Quick, clean, and to the point

Count cells that contain specific text

Excel formula: Count cells that contain specific text
Generic formula 

To count cells that contain certain text, you can use the COUNTIF function with a wildcard. In the example shown, the formula in E5 is:


The COUNTIF function counts cells in a range that meet criteria. For example, to count the number of cells in a range that contain "a" you can use:

=COUNTIF(range,"a") // exact match

However, note this is an exact match. In order to be counted, a cell must contain exactly "a". If the cell contains any other characters, it will not be counted.

For the problem shown, we want to count cells that contain specific text, meaning the text could be anywhere in the cell. To do this, we need to use the asterisk (*) character as a wildcard. For example, to count cells that contain the letter "a" anywhere we use:


The asterisk in a formula means "match any number of characters, including zero", so this pattern will count any cell that contains "a" in any position, with or without other characters to the left or right. The formulas used in the example all follow the same pattern:

=COUNTIF(B5:B15,"*a*") // contains "a"
=COUNTIF(B5:B15,"*2*") // contains "2"
=COUNTIF(B5:B15,"*-S*") // contains "-s"
=COUNTIF(B5:B15,"*x*") // contains "x"

Note: COUNTIF is not case-sensitive.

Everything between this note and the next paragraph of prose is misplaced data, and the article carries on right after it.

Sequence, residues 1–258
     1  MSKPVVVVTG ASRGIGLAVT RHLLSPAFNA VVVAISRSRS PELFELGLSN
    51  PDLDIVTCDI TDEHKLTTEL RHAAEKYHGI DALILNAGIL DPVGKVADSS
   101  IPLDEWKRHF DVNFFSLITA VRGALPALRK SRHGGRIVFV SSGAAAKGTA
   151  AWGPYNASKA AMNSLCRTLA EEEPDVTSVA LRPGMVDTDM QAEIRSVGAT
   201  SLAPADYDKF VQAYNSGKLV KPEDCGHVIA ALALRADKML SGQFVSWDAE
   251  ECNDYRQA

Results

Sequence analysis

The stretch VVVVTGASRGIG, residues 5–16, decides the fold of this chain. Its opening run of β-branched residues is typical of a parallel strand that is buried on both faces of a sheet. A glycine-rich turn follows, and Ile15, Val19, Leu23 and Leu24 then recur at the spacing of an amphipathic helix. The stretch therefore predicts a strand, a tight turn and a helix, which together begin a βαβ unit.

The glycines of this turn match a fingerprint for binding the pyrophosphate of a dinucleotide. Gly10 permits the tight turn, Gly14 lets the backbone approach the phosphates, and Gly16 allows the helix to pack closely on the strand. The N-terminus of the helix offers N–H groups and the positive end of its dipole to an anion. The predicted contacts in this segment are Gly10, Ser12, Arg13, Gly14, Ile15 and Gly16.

With a cell reference

You can easily adjust this formula to use the contents of another cell for the criteria. For example, if A1 contains the text you want to match, you can use:


Count specific numbers

The COUNTIF formula above won't work if you are looking for a particular number and cells contain numeric data. This is because the wildcard automatically causes COUNTIF to look for text only (i.e. to look for "2" instead of just 2). Because a text value won't ever be found in a true number, COUNTIF will return zero.

To count a specific number in numeric content, you can use a different formula based on the SEARCH function and the ISNUMBER function like this:


In this formula, text is the text you are looking for, and range is the range of cells you want to count. When SEARCH locates a match, it will return a number, and the ISNUMBER function will convert the number to a TRUE or FALSE value. Because we are checking more than one cell, the result will be an array or TRUE and FALSE values. The double-negative is used to convert the TRUE and FALSE values to 1s and 0s, and the SUMPRODUCT function will return the sum of the array as a final result.

SEARCH automatically treats all numbers as text, so it will find, for example, the 1 in the number 201. Also, there's no need to use wildcards to indicate position, because SEARCH will automatically look through all text in a cell.

Case-sensitive version

For a case-sensitive count, you can use a formula based on the FIND function:


Here, the FIND function is used instead of SEARCH, because FIND is case-sensitive. In other respects the formula works like the ISNUMBER + FIND formula described above.

Dave Bruns

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